According to Russia’s registry of legal entities, military unit 26116 answers to the Main Directorate of Special Programs of the President of the Russian Federation, which oversees the concealed emergency facilities popularly called Putin’s “bunkers.”

Z-Shirts, Food, And More For The Russian Military

Another company in the so-called “Alfa” family, X5 Group, which is traded on the London Stock Exchange, cooperates with the Russian military in a different sphere – retail.

A joint venture between the X5 Group’s Pyatyorochka chain of hypermarkets and the Russian Defense Ministry’s Voentorg, which outfits and feeds Russian troops and manufactures Z-emblazoned T-shirts, has expanded since the 2022 fighting began. In August 2022, the 57th Voentorg-Pyatyorochka store opened in the Volga River city of Engels, the site of an air force base from which heavy Russian bombing raids against Ukraine regularly depart.

The European Union and Switzerland sanctioned Voentorg in June 2022 for "material and financial support for actions that undermine the sovereignty and independence of Ukraine."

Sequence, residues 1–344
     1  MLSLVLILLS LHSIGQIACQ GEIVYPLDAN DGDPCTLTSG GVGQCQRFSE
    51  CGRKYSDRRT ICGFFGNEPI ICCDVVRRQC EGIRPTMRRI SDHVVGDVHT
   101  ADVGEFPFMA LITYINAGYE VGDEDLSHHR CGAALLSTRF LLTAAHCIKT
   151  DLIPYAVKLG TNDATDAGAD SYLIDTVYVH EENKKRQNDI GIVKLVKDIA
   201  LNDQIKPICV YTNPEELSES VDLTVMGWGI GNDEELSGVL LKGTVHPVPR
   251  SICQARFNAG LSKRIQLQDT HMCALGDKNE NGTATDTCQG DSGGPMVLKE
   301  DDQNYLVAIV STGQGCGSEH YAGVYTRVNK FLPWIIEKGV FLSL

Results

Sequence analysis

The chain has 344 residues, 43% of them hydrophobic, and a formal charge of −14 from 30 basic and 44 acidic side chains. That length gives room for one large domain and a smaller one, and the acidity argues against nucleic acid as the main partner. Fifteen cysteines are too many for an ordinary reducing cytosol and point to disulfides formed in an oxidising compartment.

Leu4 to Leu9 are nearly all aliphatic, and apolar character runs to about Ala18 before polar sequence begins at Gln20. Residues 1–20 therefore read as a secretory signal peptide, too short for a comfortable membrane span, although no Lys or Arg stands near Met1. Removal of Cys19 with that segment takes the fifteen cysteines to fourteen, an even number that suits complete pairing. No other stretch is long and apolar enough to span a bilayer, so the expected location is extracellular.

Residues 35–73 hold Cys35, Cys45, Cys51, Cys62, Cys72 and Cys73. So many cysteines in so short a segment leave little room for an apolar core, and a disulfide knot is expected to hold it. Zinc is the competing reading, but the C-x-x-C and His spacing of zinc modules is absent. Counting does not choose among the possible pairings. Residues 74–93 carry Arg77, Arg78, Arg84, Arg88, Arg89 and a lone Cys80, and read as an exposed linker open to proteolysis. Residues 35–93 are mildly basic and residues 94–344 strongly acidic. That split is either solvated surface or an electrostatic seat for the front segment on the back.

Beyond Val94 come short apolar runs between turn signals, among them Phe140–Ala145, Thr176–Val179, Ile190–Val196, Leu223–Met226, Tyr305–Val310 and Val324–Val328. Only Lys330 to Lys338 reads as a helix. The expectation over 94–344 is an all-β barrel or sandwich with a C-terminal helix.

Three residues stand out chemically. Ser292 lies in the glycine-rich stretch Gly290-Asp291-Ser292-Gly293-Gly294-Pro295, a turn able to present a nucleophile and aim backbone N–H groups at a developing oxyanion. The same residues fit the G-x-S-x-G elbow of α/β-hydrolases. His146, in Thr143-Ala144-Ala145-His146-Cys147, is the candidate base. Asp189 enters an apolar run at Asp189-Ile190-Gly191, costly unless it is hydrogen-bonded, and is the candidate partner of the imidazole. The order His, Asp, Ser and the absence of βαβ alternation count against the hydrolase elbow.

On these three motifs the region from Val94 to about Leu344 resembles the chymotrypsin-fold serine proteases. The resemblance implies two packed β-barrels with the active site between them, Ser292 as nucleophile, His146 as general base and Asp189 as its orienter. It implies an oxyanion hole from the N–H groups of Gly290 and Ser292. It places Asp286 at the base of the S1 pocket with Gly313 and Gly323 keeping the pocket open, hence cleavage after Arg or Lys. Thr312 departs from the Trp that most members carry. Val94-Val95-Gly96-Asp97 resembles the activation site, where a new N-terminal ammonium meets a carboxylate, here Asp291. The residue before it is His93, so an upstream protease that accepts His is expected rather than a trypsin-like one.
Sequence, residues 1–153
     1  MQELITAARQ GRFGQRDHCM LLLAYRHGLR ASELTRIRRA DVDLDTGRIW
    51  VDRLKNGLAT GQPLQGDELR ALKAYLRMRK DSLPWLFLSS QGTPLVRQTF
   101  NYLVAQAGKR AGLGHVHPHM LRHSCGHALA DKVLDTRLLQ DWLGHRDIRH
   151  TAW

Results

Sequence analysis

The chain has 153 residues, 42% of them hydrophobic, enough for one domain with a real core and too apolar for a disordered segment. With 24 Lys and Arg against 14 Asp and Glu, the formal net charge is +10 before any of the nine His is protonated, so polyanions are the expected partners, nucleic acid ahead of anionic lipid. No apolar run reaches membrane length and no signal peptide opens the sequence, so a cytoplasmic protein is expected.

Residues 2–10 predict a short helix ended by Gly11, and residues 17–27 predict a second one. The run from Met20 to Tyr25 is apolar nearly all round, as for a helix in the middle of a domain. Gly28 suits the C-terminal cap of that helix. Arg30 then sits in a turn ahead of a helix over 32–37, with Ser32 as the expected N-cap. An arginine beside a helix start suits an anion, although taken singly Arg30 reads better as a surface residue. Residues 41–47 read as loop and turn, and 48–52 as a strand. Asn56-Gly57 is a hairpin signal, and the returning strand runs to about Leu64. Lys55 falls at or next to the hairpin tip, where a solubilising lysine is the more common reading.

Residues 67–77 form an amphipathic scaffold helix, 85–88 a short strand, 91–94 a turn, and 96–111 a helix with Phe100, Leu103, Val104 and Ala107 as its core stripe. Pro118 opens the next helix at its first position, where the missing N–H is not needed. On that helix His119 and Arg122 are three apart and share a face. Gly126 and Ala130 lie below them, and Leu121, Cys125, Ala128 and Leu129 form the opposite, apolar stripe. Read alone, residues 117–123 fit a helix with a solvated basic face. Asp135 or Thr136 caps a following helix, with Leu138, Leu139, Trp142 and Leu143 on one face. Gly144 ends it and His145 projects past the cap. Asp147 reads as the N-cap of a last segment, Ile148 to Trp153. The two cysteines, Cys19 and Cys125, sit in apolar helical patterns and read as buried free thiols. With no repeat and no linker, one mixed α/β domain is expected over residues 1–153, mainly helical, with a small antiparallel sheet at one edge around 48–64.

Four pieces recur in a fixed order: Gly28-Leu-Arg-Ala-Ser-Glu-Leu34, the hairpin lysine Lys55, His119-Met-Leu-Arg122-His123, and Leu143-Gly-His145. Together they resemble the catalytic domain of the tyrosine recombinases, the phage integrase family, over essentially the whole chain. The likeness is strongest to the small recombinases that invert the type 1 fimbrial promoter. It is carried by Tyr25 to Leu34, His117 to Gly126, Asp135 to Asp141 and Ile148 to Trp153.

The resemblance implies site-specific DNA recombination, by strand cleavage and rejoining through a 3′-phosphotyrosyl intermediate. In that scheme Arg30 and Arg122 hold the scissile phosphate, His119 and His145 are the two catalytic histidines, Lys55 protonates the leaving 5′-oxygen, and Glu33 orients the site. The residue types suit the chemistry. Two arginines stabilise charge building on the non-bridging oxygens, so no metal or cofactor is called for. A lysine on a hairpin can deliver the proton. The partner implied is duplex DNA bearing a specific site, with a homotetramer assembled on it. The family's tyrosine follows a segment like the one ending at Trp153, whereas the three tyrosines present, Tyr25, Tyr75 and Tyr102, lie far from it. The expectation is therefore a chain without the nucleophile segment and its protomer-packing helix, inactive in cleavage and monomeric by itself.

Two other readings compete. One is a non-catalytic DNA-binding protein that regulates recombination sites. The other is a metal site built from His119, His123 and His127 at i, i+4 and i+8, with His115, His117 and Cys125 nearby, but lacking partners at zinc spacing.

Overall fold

The X5 Group, which is registered in the Netherlands, did not respond to Schemes’ request for comment about this retail partnership.

Written by Elizabeth Owen based on reporting by Heorhiy Shabayev of Schemes.
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    Heorhiy Shabayev

    Heorhiy Shabayev is a journalist with Schemes (Skhemy), an investigative news project run by RFE/RL's Ukrainian Service. He is a graduate of the Institute of Journalism at Taras Shevchenko National University of Kyiv and the author of a dozen investigations into corruption in the government, the construction industry, and in large state-owned enterprises.